Of all the current, superhero/comic-book adaptations on commercial television, "Gotham" remains the best and most honorable. It's not politically slanted in the sneaky way that "Supergirl" has become, nor does it get into the "I wanna marry my surrogate sister" motif of "The Flash", let alone pad itself with tiresome verbosity like "Agents of S.H.I.E.L.D."
As promised from the get-go, "Gotham" concentrates on young Bruce Wayne, and we watch his development through the versatile guise of David Mazouz. "Gotham" is also Jim Gordon's story; and thanks to Ben McKenzie, it never fails to be a rocky, realistic and engaging one.
In addition, Alfred Pennyworth (Sean Pertwee); Harvey Bullock (Donal Logue); Oswald Copplepot/Penguin (Robin Lord Taylor); Edward Nigma/Riddler (Cory Michael Smith); Ivy Pepper/Poison Ivy (Maggie Geha) and Selina Kyle/Cat Woman (Camren Bicondova) are equally developing souls, each in search of something elusive, but with an implied, fervid hope of fulfillment, whether good or bad in the ultimate run.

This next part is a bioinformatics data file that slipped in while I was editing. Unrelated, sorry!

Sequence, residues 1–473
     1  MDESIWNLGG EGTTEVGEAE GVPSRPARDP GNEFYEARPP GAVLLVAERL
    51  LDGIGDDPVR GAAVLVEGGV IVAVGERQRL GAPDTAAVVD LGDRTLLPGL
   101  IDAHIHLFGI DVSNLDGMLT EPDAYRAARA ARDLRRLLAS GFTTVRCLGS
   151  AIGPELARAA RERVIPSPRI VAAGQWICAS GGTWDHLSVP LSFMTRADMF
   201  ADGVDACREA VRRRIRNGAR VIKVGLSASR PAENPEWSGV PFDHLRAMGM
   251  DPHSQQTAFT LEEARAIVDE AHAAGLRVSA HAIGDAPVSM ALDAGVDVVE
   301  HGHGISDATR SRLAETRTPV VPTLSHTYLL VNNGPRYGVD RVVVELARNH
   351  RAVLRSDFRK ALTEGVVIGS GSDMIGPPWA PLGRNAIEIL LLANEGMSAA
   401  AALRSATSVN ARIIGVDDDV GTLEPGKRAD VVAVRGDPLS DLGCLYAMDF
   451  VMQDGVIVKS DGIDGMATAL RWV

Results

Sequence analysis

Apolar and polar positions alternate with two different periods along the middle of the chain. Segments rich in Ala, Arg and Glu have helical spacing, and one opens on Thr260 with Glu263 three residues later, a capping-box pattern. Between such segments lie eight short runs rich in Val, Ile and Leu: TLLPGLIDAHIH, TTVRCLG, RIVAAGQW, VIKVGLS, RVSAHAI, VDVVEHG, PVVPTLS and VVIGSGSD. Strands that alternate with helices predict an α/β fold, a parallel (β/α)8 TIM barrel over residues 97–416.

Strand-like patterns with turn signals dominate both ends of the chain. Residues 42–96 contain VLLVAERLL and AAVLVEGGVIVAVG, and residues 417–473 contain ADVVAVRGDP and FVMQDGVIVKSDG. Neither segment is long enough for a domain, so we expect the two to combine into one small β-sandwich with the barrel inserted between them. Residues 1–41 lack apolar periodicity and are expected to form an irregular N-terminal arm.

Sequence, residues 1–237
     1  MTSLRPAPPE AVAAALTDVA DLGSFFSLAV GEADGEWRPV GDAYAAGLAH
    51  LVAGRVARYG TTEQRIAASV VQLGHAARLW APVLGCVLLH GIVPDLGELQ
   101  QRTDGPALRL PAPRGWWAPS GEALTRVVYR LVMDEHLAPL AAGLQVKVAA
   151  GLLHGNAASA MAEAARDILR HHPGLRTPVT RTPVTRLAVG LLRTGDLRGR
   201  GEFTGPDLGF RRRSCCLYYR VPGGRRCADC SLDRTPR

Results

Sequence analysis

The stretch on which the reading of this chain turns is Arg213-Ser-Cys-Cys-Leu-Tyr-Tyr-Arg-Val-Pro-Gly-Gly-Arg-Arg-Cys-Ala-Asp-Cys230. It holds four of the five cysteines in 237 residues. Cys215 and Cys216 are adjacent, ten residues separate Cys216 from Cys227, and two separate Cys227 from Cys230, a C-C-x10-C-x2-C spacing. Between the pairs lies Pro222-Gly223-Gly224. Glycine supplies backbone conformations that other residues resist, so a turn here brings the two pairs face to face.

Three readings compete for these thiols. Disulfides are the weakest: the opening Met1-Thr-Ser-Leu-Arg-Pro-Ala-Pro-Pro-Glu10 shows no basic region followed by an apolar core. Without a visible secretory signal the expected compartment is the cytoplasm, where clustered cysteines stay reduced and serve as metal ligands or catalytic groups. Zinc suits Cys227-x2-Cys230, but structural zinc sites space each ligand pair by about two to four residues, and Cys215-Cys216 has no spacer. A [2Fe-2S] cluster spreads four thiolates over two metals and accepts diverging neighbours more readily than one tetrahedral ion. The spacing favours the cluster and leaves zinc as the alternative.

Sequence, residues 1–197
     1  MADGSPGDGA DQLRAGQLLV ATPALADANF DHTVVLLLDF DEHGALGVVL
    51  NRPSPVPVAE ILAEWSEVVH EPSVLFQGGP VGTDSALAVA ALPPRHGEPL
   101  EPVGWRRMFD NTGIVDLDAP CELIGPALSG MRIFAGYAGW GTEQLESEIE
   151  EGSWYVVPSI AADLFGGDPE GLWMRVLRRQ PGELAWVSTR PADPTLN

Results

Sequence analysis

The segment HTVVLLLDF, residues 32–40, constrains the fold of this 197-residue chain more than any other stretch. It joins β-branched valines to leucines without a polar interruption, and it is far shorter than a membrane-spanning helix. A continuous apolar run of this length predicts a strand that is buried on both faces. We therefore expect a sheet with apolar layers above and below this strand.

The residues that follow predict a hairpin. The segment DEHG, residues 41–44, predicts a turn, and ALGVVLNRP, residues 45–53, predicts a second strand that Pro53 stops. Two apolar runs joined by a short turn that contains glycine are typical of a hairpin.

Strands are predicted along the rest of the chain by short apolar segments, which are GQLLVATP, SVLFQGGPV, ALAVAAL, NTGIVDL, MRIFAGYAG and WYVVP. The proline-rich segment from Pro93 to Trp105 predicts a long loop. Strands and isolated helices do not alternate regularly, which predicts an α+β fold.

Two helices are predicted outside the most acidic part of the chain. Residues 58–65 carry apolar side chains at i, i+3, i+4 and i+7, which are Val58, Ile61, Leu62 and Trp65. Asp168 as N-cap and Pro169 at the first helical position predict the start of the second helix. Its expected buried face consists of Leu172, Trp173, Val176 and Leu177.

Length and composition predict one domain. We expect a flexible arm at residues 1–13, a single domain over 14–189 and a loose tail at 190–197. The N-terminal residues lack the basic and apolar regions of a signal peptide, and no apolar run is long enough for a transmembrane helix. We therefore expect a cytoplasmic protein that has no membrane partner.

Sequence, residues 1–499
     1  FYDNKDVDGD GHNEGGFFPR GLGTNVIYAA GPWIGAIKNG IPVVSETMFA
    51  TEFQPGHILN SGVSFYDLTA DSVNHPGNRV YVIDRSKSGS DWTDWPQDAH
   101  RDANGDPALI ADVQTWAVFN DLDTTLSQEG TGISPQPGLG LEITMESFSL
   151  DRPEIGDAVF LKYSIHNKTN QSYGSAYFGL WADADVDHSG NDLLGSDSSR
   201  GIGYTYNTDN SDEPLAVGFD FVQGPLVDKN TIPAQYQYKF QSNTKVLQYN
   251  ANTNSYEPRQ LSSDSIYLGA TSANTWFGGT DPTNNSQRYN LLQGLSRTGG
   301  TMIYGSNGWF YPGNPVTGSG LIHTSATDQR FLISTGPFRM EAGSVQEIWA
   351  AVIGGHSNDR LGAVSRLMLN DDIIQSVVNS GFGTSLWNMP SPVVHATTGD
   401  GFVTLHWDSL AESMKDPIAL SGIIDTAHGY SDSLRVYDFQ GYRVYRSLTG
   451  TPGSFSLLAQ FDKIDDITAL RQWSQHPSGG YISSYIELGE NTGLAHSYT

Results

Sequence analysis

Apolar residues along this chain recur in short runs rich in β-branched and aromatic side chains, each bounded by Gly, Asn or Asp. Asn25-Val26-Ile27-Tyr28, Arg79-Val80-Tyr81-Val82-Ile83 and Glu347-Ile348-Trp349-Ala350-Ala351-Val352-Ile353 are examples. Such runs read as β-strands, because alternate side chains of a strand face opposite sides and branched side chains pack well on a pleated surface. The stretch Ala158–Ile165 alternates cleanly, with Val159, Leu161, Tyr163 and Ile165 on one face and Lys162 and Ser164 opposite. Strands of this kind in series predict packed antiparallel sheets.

I suppose the same will be said of Jonathan Crane/the Scarecrow (Charlie Tahan) when he psychologically enters, as well as Ra's Al Ghul (Alexander Siddig) when he expands his influence, or at least tries to do so on our adolescent hero-to-be. It also seems destined that other favorites, new and old, will surface during the interludes, even if they're not yet publicized: After all, secrecy and surprise are part of the show's crafty scheme. (All the same, I'd love to see the Joker indisputably established through Cameron Monaghan's Jerome. Heck, wouldn't we all?)
Regardless of the various characters and their varying ways, it's imperative that focus remain on the Dark Knight's inevitable ascent. The path seems secure. "Gotham" is inherently Batman's tale, even if the Caped Crusader has yet to be seen or mentioned. However, the producers appear intent in mounting his reveal, for Season 4 (labeled "A Dark Knight" for its first half and for its second, "Dawn of Night") are culled from the comic-book sensations, "Batman: Year One" and "The Long Halloween".
While other superhero shows skirt around what they've promised to be, it's ironic that the once thought series-on-the-cusp is now the most faithful to its mythological core, both in heart and spirit.
As a Batman fan--as a superhero fan--I'm grateful that Fox is continuing its noble campaign. My gut tells me the best is yet to come; the vibes certainly feel sharp (and dark) enough.
Season 4 commences Thurs, Sept 21, one week ahead of its otherwise projected debut: further proof of the network's commitment to reward and widen its popular program's viewership.